Columbia Steamrolls Giro D'Italia's Opening TT

James ThompsonCorrespondent IMay 9, 2009

PRUSZKOW, POLAND - MARCH 25:  Mark Cavendish of Team GB trains at the UCI Track Cycling World Championships at the BGZ Arena on March 25, 2009 in Pruszkow, Poland.  (Photo by Bryn Lennon/Getty Images)

The Centenary edition of the Giro d'Italia is now on the road. 

Today's opening stage consisted of a team time trial around the historic city of Venice. Over the next three weeks, the riders will take on 21 stages covering over 3,000 kilometers. 

Team Garmin-Slipstream had been banking highly on this stage.  Last year, they won the opening TTT by six seconds and put their leader, Christian Vande Velde, into the overall leader's Maglia Rosa (pink jersey).  Their team director, Johnathan Vaughters, had said as recently as yesterday that "Our season starts [Saturday]," signifying their intense focus on this particular stage.

So much hype, though, may have worked to undermine them.  Team Garmin may have used up some of their talent in Danny Pate and David Millar a bit too early and lost speed towards the end.  They ended the day in second.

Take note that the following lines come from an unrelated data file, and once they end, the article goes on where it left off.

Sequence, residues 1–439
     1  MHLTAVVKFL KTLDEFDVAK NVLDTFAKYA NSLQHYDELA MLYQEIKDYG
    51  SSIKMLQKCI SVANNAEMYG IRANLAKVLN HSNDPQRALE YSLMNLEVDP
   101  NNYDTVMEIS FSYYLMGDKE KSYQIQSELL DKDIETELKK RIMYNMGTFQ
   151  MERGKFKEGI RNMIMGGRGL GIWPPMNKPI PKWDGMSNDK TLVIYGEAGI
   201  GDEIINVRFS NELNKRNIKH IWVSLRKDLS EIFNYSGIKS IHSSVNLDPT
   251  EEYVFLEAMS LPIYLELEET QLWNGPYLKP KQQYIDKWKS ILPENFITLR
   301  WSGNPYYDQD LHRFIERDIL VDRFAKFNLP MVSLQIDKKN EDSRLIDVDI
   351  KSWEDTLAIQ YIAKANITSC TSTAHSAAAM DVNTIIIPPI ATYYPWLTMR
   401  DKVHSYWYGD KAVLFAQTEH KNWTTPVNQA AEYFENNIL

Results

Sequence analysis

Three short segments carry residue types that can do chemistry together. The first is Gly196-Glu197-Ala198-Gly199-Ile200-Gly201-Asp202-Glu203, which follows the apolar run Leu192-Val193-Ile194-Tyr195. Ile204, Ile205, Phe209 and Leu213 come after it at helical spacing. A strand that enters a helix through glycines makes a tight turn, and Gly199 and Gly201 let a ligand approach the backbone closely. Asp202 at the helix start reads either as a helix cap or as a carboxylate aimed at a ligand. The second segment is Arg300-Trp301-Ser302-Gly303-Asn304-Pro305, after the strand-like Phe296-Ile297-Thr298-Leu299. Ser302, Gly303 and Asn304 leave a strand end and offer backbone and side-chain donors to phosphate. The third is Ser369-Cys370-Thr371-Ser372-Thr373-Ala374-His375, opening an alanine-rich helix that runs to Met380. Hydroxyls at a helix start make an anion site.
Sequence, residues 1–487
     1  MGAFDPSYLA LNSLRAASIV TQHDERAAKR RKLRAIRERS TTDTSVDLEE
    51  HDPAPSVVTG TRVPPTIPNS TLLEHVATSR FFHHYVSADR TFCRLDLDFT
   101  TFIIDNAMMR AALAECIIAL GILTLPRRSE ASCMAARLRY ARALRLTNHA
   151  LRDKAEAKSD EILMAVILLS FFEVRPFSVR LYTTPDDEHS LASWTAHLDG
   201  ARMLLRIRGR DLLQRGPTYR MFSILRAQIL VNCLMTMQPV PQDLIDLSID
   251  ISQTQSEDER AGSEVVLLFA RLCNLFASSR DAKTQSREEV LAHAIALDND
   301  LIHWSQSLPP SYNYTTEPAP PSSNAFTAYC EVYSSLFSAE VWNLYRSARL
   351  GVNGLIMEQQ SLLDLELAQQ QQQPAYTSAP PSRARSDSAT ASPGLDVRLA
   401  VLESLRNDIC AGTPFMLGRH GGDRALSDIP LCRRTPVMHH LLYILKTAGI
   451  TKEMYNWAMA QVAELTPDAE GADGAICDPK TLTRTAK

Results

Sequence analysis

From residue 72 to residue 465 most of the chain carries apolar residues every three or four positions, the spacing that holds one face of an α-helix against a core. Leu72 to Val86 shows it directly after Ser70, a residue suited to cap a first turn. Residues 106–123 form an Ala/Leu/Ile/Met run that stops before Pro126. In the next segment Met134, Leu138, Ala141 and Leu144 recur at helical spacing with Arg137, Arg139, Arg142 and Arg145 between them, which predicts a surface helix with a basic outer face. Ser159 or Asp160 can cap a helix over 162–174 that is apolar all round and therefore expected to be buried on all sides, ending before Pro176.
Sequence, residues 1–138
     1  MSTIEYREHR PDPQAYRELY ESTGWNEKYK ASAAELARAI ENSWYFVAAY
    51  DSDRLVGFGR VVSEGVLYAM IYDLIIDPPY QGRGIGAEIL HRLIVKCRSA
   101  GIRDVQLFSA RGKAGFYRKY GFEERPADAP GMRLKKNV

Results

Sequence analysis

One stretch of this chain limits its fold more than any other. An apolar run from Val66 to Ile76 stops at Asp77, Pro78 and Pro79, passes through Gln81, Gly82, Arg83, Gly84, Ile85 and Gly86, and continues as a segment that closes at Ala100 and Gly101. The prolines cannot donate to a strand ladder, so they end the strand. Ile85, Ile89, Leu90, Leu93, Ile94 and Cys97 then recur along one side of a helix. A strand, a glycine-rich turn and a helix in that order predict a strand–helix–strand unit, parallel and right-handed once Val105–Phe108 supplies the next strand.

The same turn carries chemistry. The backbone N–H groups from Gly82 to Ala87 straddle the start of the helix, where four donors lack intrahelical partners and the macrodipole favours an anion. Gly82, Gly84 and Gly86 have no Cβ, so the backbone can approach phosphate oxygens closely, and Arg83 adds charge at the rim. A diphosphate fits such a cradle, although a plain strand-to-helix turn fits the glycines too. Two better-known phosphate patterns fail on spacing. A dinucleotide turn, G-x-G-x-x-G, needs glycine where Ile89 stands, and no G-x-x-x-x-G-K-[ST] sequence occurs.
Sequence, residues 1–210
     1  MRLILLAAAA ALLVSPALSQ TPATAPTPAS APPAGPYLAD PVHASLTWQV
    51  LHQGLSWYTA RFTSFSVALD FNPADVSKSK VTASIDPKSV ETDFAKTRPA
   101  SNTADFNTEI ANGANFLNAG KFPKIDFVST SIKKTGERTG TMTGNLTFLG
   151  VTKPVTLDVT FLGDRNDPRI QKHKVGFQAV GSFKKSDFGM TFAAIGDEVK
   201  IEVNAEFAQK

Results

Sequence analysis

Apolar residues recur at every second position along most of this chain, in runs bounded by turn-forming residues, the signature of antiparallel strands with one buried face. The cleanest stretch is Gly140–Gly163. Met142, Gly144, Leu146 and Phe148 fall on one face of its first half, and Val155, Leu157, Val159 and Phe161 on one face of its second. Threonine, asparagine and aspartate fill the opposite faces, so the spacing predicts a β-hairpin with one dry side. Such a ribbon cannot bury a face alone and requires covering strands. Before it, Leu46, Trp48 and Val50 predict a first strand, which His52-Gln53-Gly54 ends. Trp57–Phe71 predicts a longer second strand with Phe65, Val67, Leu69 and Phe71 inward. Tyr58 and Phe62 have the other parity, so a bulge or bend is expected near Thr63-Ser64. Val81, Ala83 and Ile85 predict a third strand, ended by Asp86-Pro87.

Coming home with the win today was the powerhouse Columbia team of Mark Cavendish.  The boys in yellow steamrolled around Venice, averaging a staggering 56 kph for the 20.5 kilometer course.

Mark Cavendish was the first of his teammates to cross the line, meaning that he becomes the first wearer of the 2009 Giro's maglia rosa leader's jersey.  His is also the first British rider to wear the jersey. 

Coming in second on the day were the Garmin-Slipstream hopefuls at six seconds adrift.  Rounding out the podium was the squad of Astana, led home by Lance Armstrong, at 13 seconds behind.  Astana limited the damage as well as came in ahead of some key overall contenders, setting up their leader Levi Leipheimer well for the coming mountain stages.

Tomorrow's stage is designed for the sprinters, and should see a head-to-head showdown between star sprinters Cavendish and Alessandro Petacchi (LPR-Brakes).